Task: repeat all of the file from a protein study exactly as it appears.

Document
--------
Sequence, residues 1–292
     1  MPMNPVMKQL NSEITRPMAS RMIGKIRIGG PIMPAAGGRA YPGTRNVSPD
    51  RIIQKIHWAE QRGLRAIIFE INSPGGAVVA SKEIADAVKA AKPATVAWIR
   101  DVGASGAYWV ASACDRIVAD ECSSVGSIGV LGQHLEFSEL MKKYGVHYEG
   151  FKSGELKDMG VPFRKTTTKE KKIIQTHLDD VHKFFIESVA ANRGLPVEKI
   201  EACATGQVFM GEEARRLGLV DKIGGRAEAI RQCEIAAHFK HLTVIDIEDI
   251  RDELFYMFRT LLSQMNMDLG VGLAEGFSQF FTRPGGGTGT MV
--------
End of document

Sequence, residues 1–292
     1  MPMNPVMKQL NSEITRPMAS RMIGKIRIGG PIMPAAGGRA YPGTRNVSPD
    51  RIIQKIHWAE QRGLRAIIFE INSPGGAVVA SKEIADAVKA AKPATVAWIR
   101  DVGASGAYWV ASACDRIVAD ECSSVGSIGV LGQHLEFSEL MKKYGVHYEG
   151  FKSGELKDMG VPFRKTTTKE KKIIQTHLDD VHKFFIESVA ANRGLPVEKI
   201  EACATGQVFM GEEARRLGLV DKIGGRAEAI RQCEIAAHFK HLTVIDIEDI
   251  RDELFYMFRT LLSQMNMDLG VGLAEGFSQF FTRPGGGTGT MV